A Little Wine-Induced Essay About Adult Friendship

Psychologists say that if a friendship lasts longer than 7 years it will last for a lifetime and I especially believe that if those years are in your 20’s. Priorities, personalities, and lifestyles all change so much in these years and it can be tough to navigate all of those changes and stay close. That’s why as I get older, I appreciate my friendships more and more. I feel really lucky to have a couple core groups of lifelong friends that have ridden the seas of change with me and show no signs of drifting away any time soon. In fact, I feel like our friendships are even stronger now that we’re older. We know that we really love each other as people, not just because we’re in the same place at the same time.

All this waxing poetic about friendship is really just my way of saying that I had such a fun time last weekend with my friends Kelly and Julia in Chicago. We all went to high school together and become close in college during a series of debaucherous trips to St. Louis. Now, we get together every few months for weekends of cooking, drinking, dancing, and catching up and I’m so grateful that we do.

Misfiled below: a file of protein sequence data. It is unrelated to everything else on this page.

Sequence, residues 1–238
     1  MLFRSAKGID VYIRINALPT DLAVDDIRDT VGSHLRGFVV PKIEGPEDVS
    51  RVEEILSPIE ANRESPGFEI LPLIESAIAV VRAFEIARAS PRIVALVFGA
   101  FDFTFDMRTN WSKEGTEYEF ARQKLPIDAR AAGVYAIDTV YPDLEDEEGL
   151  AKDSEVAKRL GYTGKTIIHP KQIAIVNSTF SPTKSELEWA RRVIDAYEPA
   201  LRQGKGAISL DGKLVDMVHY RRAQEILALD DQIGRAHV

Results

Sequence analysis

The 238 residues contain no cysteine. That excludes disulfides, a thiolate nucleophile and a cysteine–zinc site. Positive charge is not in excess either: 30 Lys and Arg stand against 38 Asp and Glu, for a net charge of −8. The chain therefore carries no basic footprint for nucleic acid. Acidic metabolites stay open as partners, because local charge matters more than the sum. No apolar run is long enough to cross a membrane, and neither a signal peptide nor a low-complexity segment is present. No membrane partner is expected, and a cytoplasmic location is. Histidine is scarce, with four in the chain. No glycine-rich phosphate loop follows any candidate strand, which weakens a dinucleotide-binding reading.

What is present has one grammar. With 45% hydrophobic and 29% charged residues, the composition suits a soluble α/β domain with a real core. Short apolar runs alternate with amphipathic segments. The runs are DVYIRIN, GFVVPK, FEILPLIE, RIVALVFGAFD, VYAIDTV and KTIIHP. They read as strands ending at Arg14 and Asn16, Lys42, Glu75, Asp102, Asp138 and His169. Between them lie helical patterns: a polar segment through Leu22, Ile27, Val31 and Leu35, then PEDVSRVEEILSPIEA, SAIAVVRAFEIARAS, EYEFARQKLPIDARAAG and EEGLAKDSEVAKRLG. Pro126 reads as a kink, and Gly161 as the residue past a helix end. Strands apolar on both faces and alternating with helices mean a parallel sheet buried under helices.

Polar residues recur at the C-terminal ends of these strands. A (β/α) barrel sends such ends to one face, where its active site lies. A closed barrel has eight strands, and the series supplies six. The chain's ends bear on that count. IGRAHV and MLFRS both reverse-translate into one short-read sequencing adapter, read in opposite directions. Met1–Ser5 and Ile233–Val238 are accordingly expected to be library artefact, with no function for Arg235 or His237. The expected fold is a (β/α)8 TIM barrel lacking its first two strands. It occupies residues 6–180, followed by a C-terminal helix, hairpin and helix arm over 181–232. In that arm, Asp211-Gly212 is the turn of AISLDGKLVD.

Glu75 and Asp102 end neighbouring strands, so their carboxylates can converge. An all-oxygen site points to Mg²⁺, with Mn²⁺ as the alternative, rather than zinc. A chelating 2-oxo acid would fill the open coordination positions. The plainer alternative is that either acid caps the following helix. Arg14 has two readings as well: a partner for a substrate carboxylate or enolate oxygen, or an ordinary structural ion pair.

Even though the three of us always have the best time together, there have been moments when I’ve been scared that life would intervene. Both Julia and Kelly are in serious relationships and have bought houses and are a lot more settled than I am and at first I was worried this would be the end of our friendship. I’ve drifted away from friends in the past who have had big lifestyle changes (and been that friend too) so I know it can happen and was bracing myself for it to happen again. But it never did. In fact, it’s only made us plan further in advance and prioritize our weekends with each other more. Even though they’re in different places in their lives than I am, they’re always unwaveringly supportive of me and my decisions and I hope they feel that from me too.

To me, that’s the key to adult friendships: to delight in your friends’ lives even when they’re different than your’s. It’s so easy to play the comparison game with friends who are on a different timeline, but that’s what I love about my friends – they affirm my timeline too. They delight in my career and my independence the way I delight in their personal and professional successes even though they’re different than mine. It’s not a race, there’s no right or wrong, there’s just us and we all love each other exactly where we are.

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